Consortium member PETA US funded the 2nd McKim Workshop on Reducing Data Redundancy in Cancer Assessment, which was hosted by the International QSAR Foundation and held in Baltimore, Maryland, in May 2012. Participants reviewed recent developments in QSAR screening methods for grouping chemicals based on their potential to cause cancer through epigenetic pathways and evaluated the combined use of structural domains and in vitro data to reduce the use of the rodent carcinogen assay. Of particular note, Romualdo Benigni of the Istituto Superiore di Sanità in Rome, Italy, described his PETA US-funded research demonstrating that a tiered approach–including the Ames bacterial test, newly identified structural alerts, and an in vitro cell transformation assay–correctly detects 90 to 95 per cent of carcinogens tested.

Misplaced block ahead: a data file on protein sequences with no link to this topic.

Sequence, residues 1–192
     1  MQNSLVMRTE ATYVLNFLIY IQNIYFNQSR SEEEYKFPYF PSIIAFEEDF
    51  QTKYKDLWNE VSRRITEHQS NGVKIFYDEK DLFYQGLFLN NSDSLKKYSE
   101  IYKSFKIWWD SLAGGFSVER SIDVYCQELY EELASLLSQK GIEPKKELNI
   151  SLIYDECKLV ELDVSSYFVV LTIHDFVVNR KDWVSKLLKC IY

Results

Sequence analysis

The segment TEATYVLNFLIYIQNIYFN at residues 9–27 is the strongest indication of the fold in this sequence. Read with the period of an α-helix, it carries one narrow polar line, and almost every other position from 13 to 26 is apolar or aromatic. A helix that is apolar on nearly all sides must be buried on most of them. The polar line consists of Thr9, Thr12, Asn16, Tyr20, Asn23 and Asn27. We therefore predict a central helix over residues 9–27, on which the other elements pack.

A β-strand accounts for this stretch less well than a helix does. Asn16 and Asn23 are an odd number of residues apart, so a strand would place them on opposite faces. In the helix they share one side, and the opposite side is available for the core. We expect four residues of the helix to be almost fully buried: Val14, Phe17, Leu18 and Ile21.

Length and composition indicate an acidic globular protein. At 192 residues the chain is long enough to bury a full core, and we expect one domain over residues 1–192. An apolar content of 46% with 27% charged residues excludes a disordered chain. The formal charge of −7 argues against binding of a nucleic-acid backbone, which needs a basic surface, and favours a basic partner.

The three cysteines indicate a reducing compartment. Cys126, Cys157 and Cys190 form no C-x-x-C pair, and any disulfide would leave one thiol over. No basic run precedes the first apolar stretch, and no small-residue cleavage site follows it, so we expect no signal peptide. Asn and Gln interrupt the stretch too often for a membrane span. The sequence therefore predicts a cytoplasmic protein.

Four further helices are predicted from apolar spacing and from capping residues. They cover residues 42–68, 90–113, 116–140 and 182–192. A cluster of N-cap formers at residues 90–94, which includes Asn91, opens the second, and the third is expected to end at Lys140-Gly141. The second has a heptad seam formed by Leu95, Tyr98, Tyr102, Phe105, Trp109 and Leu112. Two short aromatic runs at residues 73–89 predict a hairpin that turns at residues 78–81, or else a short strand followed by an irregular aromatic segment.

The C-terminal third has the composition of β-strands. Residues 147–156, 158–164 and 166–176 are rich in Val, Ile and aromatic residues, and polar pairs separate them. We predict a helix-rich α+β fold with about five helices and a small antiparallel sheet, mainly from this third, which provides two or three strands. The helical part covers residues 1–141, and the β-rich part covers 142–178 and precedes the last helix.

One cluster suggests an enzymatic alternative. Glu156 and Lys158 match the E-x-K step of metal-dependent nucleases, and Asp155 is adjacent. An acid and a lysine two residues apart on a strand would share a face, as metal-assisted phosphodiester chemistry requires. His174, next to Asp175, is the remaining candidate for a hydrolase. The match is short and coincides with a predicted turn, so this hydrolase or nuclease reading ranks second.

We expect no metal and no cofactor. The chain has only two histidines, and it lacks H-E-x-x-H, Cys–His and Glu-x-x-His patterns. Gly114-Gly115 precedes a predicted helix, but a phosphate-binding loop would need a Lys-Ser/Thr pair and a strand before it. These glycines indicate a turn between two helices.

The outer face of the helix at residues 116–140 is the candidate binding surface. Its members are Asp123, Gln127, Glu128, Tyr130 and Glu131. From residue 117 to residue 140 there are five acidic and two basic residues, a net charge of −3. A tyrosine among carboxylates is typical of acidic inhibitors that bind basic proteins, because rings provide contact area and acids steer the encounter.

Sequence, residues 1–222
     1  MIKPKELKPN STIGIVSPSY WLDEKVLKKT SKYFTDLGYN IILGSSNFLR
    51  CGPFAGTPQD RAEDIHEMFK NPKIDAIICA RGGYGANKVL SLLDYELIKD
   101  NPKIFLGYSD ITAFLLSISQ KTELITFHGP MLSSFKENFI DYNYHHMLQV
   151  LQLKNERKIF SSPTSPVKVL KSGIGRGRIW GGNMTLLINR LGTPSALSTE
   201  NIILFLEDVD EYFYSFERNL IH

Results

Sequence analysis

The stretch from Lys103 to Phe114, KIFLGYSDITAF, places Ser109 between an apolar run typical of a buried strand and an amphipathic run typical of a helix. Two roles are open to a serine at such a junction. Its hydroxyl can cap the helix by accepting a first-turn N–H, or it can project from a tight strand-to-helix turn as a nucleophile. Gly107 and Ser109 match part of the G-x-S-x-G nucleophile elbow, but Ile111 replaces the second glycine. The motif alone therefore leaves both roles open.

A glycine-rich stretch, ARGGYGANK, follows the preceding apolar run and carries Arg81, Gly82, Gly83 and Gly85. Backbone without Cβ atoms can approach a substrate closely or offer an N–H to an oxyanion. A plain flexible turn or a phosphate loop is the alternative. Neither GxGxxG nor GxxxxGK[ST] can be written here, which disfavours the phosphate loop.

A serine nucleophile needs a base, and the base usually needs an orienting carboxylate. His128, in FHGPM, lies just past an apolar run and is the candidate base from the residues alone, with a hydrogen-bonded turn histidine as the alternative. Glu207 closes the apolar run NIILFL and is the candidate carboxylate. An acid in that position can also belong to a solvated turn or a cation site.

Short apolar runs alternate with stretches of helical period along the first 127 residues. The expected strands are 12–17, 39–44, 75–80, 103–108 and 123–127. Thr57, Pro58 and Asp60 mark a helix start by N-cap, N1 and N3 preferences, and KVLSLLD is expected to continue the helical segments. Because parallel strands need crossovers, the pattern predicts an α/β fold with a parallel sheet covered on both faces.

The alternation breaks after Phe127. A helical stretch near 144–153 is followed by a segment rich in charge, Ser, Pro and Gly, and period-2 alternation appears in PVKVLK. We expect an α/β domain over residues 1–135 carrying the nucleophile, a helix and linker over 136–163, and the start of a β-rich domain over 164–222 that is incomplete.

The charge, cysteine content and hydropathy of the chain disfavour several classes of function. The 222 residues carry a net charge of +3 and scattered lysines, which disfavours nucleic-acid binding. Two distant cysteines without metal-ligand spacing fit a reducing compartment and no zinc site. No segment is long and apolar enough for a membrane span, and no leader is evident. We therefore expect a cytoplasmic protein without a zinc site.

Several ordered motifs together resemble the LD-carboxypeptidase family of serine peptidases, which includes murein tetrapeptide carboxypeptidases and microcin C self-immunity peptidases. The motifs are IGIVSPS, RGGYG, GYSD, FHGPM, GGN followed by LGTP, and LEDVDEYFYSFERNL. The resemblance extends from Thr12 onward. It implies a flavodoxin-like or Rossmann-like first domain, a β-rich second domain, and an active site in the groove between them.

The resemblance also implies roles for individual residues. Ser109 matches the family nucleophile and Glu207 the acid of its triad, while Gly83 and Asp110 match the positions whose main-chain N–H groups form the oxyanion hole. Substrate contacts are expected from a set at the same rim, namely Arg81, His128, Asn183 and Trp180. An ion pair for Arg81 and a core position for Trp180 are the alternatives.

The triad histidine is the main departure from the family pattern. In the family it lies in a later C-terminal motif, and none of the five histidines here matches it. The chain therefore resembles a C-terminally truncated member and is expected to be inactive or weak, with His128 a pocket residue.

“The science PETA is sponsoring is critical to the elimination of animal use. PETA puts its money where its mouth is and has steadfastly supported better use of science to reduce reliance on animal testing.”
-Dr Gilman Veith
Chair of the Board
International QSAR Foundation
Workshops and Webinars
The Consortium has sponsored various workshops, including one focused on the development of nonanimal methods to examine the subchronic inhalation toxicity of nanomaterials and another on alternative methods for the identification of acute systemic toxicity. In addition, the Consortium has sponsored webinars focused on the use of alternative approaches to meet REACH requirements (here) and to test for acute inhalation toxicity (here).
Contests and Awards
The Consortium holds contests and provides awards such as those listed below to promote the development of alternative test methods.
• Contest for best proposals on uses of in vitro tissue models to reduce animal testing
• Award for adverse outcome pathway development
• Award for the development of a nonanimal system to assess the inhalation toxicity of nanomaterials